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Kozo's Thoughts
Random, Weird, and 100% 石黒光司
My Filmfest Review/Preview 
Monday August 29th, 2005 23:53
Ohta Kouzou
The World Film Festival is in town, and as usual I have a nice list of films I plan to see. I kicked off this year's festival by seeing the Croatian film Sto Je Iva Snimila.

Sto Je Iva Snimila
Iva is given a small, expensive video camera for her 16h birthday by her businessman stepfather Bozo. A loving father and a caring husband to Iva's mother Zeljka, Bozo always has his eye open for business and he decides to use Iva's birthday party as an opportunity to negotiate with a possible German business partner. Delighted with her new toy, Iva immediately begins filming the evening's events -- Bozo dressing up, Zeljka drinking too much, fighting between the two, friction between the couple and their invited guests, etc. Iva records everything, making her parents nervous. She had always been witness to their foolishness and disagreements, but now she is getting it all down on tape...

Quick Review
The film wasn't bad, but it wasn't remarkable either. Sto Je Iva Snimila had its moments, but ultimately lacked a defining moment/concept that would stick with me. The concept of capturing action through a single camera held by a character works, but given the proliferation of reality television and voyeurism, the concept lacks the originality factor. That is not to say the concept doesn't work, just that my appreciation for it is dulled. Sto Je Iva Snimila is worth a see if you don't have anything better on your Filmfest card.

As for the other films on my card right now, I have a trio of Japanese films. 窯焚 (which is actually directed by a Canadian), 少年と星と自転車, and 海猫. I'm particularly optimistic about the first two.

Ken Antoine, 23, has lost his father and his desire to live. One winter morning, he jumps off a bridge into the icy waters of the St. Lawrence River. Miraculously, he survives. His mother feels that his father's brother in Japan is the only person who can help him find what he has lost. Uncle Takuma is an internationally famous potter. Eccentric and unpredictable, he lives by his own unconventional moral code. He is the opposite of Ken's late father. Takuma's shock treatment of sake, mystery, sexual tension and art succeeds in stirring his nephew's curiosity. Will those sparks be enough to rekindle Ken's inner flame and allow it to burn as hotly as the fire of Takuma's wood-fired kiln?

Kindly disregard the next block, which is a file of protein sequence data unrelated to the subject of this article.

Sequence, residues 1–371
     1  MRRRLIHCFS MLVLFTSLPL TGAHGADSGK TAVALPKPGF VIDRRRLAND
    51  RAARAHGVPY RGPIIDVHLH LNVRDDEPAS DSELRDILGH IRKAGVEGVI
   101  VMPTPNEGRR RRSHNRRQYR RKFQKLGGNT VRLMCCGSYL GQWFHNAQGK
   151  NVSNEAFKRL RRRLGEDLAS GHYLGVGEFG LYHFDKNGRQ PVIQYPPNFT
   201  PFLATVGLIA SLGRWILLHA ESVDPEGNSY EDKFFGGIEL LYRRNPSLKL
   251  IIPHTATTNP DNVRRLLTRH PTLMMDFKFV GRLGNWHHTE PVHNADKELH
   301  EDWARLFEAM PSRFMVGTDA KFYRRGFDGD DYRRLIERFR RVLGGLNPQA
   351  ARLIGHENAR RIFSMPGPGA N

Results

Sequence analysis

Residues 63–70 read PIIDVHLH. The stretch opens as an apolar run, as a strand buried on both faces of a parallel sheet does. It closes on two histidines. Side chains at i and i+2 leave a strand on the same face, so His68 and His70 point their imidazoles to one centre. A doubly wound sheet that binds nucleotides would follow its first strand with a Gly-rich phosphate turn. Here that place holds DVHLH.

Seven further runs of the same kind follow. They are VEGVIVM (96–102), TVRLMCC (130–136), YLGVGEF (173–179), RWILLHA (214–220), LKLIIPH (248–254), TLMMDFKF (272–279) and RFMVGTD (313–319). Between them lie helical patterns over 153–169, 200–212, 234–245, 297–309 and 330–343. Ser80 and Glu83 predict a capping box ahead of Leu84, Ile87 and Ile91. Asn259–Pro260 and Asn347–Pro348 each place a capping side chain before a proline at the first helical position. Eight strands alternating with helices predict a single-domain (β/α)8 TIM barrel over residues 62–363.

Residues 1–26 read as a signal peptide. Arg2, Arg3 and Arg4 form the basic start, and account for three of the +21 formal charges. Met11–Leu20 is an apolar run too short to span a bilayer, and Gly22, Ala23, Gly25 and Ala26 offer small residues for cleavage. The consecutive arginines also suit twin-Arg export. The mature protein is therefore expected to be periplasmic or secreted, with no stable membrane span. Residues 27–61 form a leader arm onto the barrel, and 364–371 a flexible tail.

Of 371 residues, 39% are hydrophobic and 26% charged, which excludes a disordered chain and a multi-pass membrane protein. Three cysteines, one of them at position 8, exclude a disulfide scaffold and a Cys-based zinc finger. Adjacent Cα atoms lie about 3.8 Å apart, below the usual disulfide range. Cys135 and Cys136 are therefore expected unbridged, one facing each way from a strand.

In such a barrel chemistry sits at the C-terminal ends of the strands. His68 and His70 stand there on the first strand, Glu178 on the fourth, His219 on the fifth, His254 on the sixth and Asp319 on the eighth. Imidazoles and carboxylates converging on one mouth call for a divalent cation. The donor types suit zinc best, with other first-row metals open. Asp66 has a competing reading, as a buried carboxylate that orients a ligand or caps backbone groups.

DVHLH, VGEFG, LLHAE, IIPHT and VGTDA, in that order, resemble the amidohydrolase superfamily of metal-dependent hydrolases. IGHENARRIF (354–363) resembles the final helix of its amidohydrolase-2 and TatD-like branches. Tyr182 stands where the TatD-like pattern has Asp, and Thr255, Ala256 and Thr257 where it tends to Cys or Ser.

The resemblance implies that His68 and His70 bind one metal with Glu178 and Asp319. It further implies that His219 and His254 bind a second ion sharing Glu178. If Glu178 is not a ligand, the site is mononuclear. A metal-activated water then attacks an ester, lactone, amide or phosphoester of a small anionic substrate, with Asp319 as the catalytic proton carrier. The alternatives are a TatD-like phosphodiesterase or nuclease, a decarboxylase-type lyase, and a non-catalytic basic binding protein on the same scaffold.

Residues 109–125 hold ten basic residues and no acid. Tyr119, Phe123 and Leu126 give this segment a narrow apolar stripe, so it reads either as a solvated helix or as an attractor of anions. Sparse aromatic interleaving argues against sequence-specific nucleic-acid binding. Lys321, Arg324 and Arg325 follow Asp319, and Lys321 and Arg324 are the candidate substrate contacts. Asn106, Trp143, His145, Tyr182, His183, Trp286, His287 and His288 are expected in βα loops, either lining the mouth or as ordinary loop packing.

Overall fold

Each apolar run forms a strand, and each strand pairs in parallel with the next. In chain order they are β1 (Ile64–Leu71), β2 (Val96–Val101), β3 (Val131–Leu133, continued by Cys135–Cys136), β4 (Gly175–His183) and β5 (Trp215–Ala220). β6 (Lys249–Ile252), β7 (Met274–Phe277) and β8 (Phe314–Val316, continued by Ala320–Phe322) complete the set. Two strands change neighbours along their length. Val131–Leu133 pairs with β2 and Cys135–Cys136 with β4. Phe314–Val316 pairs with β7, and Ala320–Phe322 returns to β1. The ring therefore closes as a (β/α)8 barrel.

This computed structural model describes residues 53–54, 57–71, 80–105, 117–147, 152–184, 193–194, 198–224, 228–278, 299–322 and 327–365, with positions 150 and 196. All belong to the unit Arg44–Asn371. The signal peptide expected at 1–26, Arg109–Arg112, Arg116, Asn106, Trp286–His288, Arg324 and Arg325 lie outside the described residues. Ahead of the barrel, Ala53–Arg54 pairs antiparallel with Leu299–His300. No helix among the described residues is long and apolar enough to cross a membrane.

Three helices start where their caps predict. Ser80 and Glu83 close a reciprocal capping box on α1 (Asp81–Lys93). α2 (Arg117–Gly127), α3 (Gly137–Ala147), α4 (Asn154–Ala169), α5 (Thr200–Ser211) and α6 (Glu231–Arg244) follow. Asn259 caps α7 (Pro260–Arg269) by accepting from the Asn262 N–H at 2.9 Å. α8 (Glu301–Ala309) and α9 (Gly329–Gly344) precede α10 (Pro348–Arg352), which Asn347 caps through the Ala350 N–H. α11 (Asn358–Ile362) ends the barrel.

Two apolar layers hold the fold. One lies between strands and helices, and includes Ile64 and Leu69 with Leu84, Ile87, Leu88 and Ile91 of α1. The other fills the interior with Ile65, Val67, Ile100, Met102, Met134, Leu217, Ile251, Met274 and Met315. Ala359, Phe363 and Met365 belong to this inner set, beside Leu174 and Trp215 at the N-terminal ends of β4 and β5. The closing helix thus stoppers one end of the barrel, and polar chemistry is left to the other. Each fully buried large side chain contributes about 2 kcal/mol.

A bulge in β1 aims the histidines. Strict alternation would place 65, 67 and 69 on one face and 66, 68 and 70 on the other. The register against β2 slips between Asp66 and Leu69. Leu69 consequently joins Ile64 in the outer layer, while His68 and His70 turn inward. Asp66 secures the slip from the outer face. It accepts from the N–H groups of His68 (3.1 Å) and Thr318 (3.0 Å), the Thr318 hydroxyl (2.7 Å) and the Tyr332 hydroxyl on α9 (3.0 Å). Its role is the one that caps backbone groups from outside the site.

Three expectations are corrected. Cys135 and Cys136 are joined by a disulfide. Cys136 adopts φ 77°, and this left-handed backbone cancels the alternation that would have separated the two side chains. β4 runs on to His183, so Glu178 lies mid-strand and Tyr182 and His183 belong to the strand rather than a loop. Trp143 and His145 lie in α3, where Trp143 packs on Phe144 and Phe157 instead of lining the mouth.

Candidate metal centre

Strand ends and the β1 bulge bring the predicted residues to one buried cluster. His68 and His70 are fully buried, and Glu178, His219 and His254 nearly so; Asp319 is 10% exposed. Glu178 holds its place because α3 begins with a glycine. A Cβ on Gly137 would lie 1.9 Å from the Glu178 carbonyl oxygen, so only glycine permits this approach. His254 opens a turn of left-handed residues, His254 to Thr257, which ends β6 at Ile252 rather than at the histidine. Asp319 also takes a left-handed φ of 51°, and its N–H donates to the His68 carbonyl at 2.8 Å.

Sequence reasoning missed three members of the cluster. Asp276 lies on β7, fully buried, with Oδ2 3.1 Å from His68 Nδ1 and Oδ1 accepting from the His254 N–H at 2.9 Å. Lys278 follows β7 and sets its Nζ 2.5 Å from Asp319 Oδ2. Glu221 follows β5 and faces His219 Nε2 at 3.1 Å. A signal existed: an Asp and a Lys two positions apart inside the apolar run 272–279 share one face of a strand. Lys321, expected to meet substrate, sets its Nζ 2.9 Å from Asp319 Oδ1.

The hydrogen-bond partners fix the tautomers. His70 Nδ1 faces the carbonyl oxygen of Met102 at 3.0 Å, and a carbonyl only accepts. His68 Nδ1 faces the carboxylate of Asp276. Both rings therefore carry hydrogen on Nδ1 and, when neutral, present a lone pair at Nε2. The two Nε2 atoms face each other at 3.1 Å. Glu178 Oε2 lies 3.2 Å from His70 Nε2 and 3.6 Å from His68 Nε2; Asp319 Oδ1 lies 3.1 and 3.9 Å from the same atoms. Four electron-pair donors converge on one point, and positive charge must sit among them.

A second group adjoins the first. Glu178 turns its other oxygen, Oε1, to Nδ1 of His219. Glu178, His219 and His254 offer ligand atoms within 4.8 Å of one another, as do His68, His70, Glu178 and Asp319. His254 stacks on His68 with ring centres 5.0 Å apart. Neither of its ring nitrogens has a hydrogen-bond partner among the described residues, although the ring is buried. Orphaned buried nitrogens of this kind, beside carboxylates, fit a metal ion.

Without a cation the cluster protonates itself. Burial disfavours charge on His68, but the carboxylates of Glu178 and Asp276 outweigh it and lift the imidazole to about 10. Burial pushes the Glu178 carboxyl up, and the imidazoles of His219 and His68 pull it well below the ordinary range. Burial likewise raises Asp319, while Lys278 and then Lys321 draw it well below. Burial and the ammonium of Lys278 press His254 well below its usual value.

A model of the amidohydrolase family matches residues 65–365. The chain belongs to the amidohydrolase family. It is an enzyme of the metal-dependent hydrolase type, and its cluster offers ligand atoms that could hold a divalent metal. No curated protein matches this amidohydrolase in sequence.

"Satoru, you are the midday star. Always shining but no one can see you." Fourteen-year-old Satoru's heart is broken when his older brother dies. Mitsuru was an elite cyclist who was training to make the Japanese Olympic cycling team and he was killed in a road accident. Mitsuru was good at everything he tried and there were high expectations of him from his parents, who grieved deeply at his death. Satoru is hurt by Mitsuru's death and by his parents' grief. When Otomatsu, a street performer, incites him to take a bike trip to see what his brother might have seen before he died, Satoru accepts. He and Otomatsu set off on an expedition that will bring out the star that is shining within him. His goal is not to win the Olympics in Athens but the contest in his own heart.
In love with young fisherman Kunikazu, Kaoru decides to follow him to his hometown on the shore of the northern sea. Only twenty, Kaoru is charmed by the sturdy, sun-tanned Kunikazu and eagerly accepts the role of a fisherman's wife. She sets out to sea with her husband to gather kelp, and she bears him a daughter. "Leave everything up to me," Kunikazu urged and Kaoru takes him at his word. Until Kunikazu's younger brother, Hirotsugu, enters the picture to promise her delights she had never imagined...

I'm still looking to go to two more films. Suggestions are welcome...
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